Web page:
Speaking at a joint meeting of the Downtown Association and the Insurance Brokers Association of New York (IBANY)* yesterday, Lloyd’s Chairman, Lord Peter Levene, reminded his audience of the longstanding special relationship between Lloyd’s and the U.S., and outlined London’s priorities for 2004.
Citing past instances of common cause, ranging from World War II to Sept. 11, to Prime Minister Tony Blair’s recent appearance on The Simpsons (albeit in cartoon format), Levene said he welcomed “this opportunity today to talk to you about some of the key issues on my mind, namely tort reform and trade barriers in reinsurance, and share my vision for 2004.”
Launching into one of his favorite topics – tort reform – Levene stated: “If there were an Oscar awarded for the most talked about issue, resulting in the least action, then tort reform would win it. But as we enter 2004, I am as convinced as ever of the need for expedient and far-reaching change. And it’s not just me. Only last month, we were delighted to have Hank Greenberg as guest speaker at the Lloyd’s 2003 City dinner in London. The dinner was attended by some 200 chairmen and chief executives of major British companies, politicians and insurance executives. He chose tort reform as his sole topic, leaving us in no doubt about his conviction of the need for reform on the three key fronts – asbestos, class action, and medical malpractice.”
Unfortunately Levene, along with most other commentators on the subject, doesn’t sees little chance of that happening in a presidential election year. He told his audience that in his view tort reform should not be considered a “political issue, but an economic one.” He cited “the negative impact of spiraling litigation on the American people,” and noted that it “transcends all political boundaries and crosses most industry sectors. And it needs an appropriate and collective response.”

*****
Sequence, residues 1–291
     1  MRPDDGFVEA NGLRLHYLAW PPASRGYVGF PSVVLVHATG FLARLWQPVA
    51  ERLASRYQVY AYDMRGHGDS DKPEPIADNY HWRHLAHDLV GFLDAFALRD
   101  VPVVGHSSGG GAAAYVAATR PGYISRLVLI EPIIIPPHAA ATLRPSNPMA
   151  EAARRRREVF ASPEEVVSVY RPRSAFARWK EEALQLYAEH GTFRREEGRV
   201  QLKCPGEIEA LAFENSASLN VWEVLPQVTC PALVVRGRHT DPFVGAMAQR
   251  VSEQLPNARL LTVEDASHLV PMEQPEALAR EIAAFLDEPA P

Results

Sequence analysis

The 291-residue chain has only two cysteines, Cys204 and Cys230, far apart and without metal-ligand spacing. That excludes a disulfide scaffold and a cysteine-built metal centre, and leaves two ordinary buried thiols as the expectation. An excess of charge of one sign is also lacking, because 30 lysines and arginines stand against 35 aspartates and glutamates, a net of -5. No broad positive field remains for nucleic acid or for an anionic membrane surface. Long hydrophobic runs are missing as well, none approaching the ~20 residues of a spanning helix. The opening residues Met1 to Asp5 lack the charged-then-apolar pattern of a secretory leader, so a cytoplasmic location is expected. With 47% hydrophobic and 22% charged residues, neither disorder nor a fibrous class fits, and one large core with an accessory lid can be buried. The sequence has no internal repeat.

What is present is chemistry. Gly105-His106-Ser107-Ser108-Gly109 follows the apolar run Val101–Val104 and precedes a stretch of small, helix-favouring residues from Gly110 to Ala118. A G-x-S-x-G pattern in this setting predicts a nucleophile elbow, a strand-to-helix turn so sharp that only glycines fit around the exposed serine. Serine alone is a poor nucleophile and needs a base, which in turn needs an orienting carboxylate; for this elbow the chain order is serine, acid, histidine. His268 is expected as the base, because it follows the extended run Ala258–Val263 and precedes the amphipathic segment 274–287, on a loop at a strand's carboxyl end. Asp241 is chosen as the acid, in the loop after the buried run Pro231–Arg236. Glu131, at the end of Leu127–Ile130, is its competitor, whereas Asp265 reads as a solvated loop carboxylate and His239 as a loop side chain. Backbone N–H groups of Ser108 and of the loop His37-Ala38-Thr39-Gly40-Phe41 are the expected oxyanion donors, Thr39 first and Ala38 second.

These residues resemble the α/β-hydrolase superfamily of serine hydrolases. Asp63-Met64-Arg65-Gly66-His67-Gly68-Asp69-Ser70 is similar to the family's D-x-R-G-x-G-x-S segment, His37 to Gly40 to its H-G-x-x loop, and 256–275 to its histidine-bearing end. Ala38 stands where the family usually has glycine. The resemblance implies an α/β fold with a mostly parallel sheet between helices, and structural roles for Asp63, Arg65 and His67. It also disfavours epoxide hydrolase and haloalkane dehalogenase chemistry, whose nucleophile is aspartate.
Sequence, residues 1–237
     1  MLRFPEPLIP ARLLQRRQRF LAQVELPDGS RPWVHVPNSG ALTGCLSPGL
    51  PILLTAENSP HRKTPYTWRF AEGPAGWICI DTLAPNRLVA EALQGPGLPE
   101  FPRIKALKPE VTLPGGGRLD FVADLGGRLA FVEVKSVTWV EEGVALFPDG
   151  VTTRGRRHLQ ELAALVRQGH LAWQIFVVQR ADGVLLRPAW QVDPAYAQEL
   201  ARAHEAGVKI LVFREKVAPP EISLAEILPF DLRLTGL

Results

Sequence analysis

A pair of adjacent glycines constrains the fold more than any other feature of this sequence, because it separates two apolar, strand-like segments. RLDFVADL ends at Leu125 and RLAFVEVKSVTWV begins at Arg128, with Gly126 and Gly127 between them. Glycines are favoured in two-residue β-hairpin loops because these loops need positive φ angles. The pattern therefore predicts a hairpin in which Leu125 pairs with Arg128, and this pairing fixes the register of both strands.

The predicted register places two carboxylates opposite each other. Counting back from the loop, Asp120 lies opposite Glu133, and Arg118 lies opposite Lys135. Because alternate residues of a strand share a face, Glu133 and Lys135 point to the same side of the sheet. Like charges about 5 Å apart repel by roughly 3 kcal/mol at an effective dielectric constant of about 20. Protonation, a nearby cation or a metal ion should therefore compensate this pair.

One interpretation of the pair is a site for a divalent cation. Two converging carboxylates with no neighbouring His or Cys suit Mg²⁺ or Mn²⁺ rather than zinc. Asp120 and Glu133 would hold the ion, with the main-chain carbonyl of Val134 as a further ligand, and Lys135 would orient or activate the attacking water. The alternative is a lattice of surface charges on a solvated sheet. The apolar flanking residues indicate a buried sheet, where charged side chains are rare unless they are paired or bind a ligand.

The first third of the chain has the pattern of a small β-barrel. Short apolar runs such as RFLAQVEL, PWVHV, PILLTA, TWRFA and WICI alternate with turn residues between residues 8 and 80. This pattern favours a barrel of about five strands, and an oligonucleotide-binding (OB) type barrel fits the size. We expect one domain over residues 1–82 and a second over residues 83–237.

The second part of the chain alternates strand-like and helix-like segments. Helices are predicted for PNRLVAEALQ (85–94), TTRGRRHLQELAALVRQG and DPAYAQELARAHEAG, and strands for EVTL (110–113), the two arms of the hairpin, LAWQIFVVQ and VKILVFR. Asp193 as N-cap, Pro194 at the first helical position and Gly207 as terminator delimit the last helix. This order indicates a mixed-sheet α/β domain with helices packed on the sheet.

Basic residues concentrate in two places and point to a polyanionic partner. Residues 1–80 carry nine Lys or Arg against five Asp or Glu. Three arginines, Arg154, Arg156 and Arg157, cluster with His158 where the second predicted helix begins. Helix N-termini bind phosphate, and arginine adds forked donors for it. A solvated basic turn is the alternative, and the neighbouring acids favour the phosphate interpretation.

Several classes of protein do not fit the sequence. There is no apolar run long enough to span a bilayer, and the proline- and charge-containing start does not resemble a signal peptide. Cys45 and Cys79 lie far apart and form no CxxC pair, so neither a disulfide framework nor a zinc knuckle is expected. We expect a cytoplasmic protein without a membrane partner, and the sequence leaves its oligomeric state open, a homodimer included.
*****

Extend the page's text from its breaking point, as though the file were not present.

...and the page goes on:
Calling the spiraling cost of civil litigation a “cancer at all levels and all sectors of industry,” Levene called for progress on three fronts, stating: “First, to see leaders and influencers set aside their political agendas – and compromise on what is an economic problem, not a political issue. Second, I would like to see the insurance sector work together to achieve greater awareness of the problem by industry at large. Third, I would like to see us all step up the momentum for legislative change and give tort reform our best shot in 2004.”
Addressing the problem of reinsurance trust funds, Levene reminded his audience that, while the U.S. generally stands for free trade, it had put up what he sees as unconscionable economic barriers to “foreign reinsurers,” which requires them to “over-fund by enormous amounts under a gross liability system – even when they are placing retrocession back into the US market.”
He noted that U.K. insurers received over 6 billion dollars of US reinsurance premium in 2002, about half of it with Lloyd’s, and that “American reliance on international carriers continues to grow.” He pointed out that under the present requirements Lloyd’s now has “about 9 billion dollars tied up in the associated trust funds, much of it unnecessarily sitting there when it could be deployed much better elsewhere. All this despite the fact that we are already highly regulated in the UK.” Levene indicated that some progress had been made, and he does see some possibility of resolving the issue in 2004.
Discussing this year’s priorities, Levene noted that Lloyd’s entered 2004 “in extremely strong shape,” having posted record profits during 2003. “But we are determined to maintain and improve our position further,” he continued, “and two key areas on which we are focusing this year are quality of underwriting, and quality of service.”
While Levene is neither the first nor the last head of a major insurance group to lament the industry’s dismal performance in providing adequate rates of return to investors, he may be among the most listened to. Citing statistics from the Insurance Information Institute, he told the audience that the “rate of return has been sliding dramatically since the 1970s – and averaged just 2.8 per cent in the first three years of this decade. What investors in any other industry would settle for that I wonder?”